7,500 visitors roamed the aisles of the first Maker Faire Paris on the 21st and 22nd of June at Centquatre. A public success despite some muddles.
Text and pictures by Quentin Chevrier
The void is filled. After a test run organised in Saint-Malo in October 2013, the first ever edition of Maker Faire Paris took place on the 21st and 22nd of June at Centquatre. The event was highly expected by the community of makers who saw Maker Faires travel the world from Hong Kong to Rome via Barcelona without ever touching down in France.
The French version of this DiY fair – that gathers tens of thousands of visitors in the United States where it was created in 2006 – was co-organized by FabShop, which claims to be the “French leader in 3D personal printing” with its Maker Bot battalion fully operational in the central area. “It looks a bit like the Empire army in Star Wars” says an exhibitor with a smile.
The 7,500 visitors (15,000 expected) strolled about the Maker Faire encountering prototypes, fablabs, associations and sometimes running into a master Jedi or a drone. All those largely interspersed with resellers of 3D scanners, 3D printers, 3D printing-pens, 3D printing filaments… “It’s a shame, it is only a tool, but it represents the hook for the general public, the “wow” effect whereas there are so many other technologies and projects that deserve just as much “wow”…” comments a Parisian fabmanager.
Sarah, manager of the fablab Maker sur Seine is rather “pleasantly surprised”. Noticing that the atmosphere on Sunday was “essentially family”, she points out: “However on Saturday I met some people who had interesting projects and with whom it would be interesting to collaborate.” Great names also met in the aisles. Even Philippe Stark was seen lingering.
— ecodesign fab lab (@ecodesignfablab) 22 Juin 2014
Welcome to the ConsumeMaker Faire of Paris
Leroy Merlin, partner of the event, greeted visitors in a rather abrupt manner: even before they had passed through the doors of Centquatre or had had a glimpse of a robot, a team of women interviewers questioned each visitor on their affiliations with the “maker movement”, their speciality (understand their favourite department in the store), to finish with their monthly income and of course their email address on which to send advertisements. Not a very warm greeting for a festival announced as “fun and family”.
Entrance fee at 15 euros…
The entrance fee to the Maker Faire Paris – 15 euros for the day pass – was the target of a great deal of criticism. No unemployed or senior rate. The Maker Faire in Rome for instance charges 8 euros for the day pass and the price goes down to 4 euros for students or minors. When one knows that the Parisian edition became profitable on the evening of the first day, one has a right to ask oneself if an effort on accessibility should not be considered.
More than 4,000 lead-soldered badges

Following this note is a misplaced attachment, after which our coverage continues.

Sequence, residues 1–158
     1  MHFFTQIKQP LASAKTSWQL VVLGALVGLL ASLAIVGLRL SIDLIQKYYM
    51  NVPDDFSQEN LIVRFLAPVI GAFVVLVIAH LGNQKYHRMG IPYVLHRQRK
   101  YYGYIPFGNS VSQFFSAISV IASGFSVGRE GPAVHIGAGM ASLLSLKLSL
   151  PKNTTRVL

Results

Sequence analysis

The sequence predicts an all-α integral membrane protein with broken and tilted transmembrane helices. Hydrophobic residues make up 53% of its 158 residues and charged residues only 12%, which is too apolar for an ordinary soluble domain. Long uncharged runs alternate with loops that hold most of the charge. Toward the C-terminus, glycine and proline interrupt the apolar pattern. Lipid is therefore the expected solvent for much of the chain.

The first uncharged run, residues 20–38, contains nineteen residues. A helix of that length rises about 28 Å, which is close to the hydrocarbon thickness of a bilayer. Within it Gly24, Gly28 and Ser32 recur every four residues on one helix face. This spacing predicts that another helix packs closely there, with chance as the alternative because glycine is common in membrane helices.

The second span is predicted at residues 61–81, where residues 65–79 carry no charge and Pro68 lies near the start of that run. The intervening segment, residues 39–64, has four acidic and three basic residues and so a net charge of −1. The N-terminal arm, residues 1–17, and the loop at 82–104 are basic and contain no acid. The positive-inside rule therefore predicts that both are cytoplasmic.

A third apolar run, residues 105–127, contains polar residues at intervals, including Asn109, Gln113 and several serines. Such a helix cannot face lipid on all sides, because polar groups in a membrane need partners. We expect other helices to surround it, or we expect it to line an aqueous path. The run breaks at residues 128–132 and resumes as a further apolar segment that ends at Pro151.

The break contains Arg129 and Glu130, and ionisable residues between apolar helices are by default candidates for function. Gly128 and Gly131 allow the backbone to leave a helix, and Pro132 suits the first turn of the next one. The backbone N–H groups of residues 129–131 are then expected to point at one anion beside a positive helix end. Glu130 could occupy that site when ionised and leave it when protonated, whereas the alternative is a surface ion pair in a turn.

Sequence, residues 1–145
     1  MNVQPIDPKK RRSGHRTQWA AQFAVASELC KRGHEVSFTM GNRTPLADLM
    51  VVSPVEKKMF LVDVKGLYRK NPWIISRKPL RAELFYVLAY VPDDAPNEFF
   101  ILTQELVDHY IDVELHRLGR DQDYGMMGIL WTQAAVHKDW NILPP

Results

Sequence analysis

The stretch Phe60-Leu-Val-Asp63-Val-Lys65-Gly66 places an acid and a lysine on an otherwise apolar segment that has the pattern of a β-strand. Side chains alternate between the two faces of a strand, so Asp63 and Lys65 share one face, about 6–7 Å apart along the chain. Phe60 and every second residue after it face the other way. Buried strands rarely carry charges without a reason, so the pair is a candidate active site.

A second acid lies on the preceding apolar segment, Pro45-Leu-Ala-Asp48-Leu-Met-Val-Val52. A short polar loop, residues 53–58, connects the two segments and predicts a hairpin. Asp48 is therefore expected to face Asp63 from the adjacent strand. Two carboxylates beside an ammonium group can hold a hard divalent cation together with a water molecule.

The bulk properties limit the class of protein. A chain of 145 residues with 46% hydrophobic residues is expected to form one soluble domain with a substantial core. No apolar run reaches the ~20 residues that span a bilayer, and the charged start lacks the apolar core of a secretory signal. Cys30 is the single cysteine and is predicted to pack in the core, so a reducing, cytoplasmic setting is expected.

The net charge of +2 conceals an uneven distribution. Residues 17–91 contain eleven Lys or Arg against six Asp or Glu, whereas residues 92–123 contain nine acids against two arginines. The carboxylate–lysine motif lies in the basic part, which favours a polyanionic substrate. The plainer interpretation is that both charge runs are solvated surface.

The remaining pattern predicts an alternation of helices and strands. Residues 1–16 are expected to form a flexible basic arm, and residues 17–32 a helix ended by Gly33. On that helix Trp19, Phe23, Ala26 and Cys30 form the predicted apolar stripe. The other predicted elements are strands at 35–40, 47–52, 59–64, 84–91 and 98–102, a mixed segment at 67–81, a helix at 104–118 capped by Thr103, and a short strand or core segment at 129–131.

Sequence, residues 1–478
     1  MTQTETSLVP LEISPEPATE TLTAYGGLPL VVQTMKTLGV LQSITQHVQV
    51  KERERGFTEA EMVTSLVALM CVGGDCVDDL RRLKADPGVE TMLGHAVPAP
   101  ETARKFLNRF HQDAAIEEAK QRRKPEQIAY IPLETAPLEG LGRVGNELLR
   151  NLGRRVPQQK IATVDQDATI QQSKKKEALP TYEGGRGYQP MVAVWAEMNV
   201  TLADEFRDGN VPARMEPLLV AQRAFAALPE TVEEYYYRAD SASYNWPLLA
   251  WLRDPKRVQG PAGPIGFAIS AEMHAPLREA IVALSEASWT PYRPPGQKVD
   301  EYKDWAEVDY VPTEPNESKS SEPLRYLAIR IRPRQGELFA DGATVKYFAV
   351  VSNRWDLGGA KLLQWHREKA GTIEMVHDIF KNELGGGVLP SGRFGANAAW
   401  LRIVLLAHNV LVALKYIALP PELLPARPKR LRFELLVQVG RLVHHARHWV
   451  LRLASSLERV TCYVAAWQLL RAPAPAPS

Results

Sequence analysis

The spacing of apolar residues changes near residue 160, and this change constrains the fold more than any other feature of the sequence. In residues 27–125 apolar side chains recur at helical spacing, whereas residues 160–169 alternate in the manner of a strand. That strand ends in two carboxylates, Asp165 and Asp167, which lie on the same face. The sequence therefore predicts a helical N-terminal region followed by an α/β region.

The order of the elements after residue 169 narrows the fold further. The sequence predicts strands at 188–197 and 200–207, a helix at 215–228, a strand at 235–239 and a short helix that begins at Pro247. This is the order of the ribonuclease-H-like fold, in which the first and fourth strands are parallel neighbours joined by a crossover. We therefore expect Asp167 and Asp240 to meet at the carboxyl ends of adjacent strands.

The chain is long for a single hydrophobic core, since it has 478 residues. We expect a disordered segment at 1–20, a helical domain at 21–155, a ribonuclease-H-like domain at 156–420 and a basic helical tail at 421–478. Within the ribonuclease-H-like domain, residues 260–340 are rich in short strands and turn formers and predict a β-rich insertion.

The organisers and Leroy Merlin had thought of a mini workshop with guaranteed success: sit at a workbench and solder two LEDs on a badge showing the effigy of the Maker Faire mascot. A true DiY moment accessible to all. The idea was good but badly carried out. The tin wire used over two days contained lead. And it must be kept out of reach of children and one must not breathe its fumes. Even though the staff supervising the mini workshop was providing the public with goggles protecting against LED projection, no protection was offered regarding the inhaling of lead. This is particularly regrettable in the sense that Leroy Merlin knows about these risks. It even details them on its website. For the next edition, leadless tin should be privileged…and fortunately Leroy Merlin sells it.
In order to count makers, let’s count 3D printers
Stuck up in the corridors of Centquatre, a computer graphics poster (created by the We Are Social agency on behalf of FabShop) summarised the “maker movement” with rather odd criteria. So, We Are Social counted in 2013 “6,907 objects created from scratch” and “266 repaired”. There would have been a 32% increase in the number of 3D printers and a 200% increase in the number of 3D scanners.
We presented this computer graphics poster to fabmanagers present at the Maker Faire. Considered as “very questionable, in both form and content”, as “very simplistic and incomplete” or as “quite comical”, the computer graphics poster set off considerable criticisms (to which we rally). First of all the “maker movement” is not quantified by tens of 3D printers or scanners. Next, the number of members seems totally unrealistic and the notion of “objects made from scratch” has no sense in a lab. And even so, this data leads to an average of 2 “objects created from scratch” per “member”. Not very productive these makers… Last but not least, it is an easily avoidable mistake to want to quantify the “maker movement” by questioning only 29 fablabs in France. Next time “call upon experts” recommends one of the fabmanagers (surprised not to have been questioned for this enquiry).